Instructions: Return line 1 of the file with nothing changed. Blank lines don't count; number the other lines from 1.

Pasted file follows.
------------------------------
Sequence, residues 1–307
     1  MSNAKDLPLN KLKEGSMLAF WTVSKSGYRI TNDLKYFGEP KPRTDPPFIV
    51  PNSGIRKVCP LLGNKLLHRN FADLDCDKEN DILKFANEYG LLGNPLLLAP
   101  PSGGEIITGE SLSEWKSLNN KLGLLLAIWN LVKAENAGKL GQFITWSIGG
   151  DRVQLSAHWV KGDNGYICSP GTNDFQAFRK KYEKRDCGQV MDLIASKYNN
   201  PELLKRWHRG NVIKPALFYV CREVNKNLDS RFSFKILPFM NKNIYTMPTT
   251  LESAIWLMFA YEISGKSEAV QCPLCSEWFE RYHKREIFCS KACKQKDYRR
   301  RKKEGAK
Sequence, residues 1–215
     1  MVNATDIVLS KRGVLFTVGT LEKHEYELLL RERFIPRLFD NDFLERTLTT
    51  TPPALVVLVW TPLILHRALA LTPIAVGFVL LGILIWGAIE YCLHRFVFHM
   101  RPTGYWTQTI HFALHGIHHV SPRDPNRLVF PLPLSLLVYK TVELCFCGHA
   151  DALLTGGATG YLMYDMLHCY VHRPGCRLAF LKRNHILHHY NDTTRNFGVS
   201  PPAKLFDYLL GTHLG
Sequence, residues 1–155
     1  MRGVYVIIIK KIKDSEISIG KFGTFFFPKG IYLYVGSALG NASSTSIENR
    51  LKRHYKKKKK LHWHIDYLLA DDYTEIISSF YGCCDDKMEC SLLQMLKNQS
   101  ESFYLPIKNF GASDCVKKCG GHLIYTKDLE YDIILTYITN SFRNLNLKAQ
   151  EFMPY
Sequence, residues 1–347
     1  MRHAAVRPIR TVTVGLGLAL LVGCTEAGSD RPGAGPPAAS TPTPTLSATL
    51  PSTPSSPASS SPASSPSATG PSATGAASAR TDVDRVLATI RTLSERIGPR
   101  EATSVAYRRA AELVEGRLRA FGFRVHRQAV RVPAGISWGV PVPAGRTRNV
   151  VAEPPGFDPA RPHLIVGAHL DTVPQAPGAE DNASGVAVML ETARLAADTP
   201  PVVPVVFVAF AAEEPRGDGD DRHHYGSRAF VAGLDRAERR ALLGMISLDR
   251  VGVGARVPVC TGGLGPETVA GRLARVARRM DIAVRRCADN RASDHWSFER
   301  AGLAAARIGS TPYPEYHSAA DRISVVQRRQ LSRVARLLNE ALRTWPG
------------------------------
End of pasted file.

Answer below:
Sequence, residues 1–307